When flight attendants are debriefing passengers on what to do in the event of an emergency, they always tell you to put on your own oxygen mask before helping another person. View time in a similar way—you can’t really be of service to others if you are over committed, exhausted, and even testy because you don’t manage your time. You need oxygen!
Break It Down
One of the positive things about putting a schedule together is that you become more aware of your choices—and whether we realize it or not, we have a lot of choice in how we move through our day. Some people associate a schedule with rigidity and narrowing their choices. On the contrary! If you are in control of your day, you experience far greater freedoms and satisfaction than constantly operating in reaction mode.
For starters, look at how you manage your time not simply from the point of view of your calendar, but also from the perspective of your energy. Some of us are morning people; others gather steam as they roll into the afternoon. Some of us start the week strong but tire as Friday approaches; others would rather keep a low profile on Monday and finish the week with lots of activity. Be in tune with your energy levels throughout both the day and the week, and pair your appointments and tasks with the appropriate energy level. It makes a big difference!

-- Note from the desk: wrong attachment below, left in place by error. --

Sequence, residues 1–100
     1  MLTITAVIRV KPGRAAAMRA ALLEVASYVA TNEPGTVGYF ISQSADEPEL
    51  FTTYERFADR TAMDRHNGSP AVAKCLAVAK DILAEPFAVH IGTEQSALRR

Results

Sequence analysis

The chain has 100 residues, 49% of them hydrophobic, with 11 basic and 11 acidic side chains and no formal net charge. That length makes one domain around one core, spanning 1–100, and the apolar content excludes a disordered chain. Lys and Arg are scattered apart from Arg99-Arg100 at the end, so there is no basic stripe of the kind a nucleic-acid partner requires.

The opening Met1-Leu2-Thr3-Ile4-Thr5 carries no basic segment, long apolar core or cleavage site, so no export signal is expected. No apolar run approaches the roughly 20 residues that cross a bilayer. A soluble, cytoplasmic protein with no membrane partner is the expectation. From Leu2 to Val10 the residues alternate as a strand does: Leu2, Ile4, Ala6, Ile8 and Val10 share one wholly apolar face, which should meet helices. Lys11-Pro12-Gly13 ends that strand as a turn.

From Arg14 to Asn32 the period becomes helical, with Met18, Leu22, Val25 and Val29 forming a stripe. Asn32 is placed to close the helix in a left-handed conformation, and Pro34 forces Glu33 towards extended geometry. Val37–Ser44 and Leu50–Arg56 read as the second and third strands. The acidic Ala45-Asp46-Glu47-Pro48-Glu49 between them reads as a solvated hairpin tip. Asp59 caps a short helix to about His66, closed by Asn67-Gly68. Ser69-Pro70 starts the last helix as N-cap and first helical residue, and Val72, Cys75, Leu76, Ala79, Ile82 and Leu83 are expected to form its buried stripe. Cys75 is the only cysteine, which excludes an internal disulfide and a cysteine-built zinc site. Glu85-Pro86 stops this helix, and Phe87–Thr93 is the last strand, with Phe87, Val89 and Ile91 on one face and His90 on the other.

Lastly, don’t confuse doing 10 things at once with being productive. People who think they’re good multi-taskers are generally kidding themselves. There’s tons of studies about how many decisions and activities the human brain can effectively handle at one time. Unless there’s a S on your chest I don’t know about, try a more mortal approach. Only schedule in one day what you can effectively do in one day.
Next week, I’ll review some actionable steps and examples that you can use to refine your time management practices.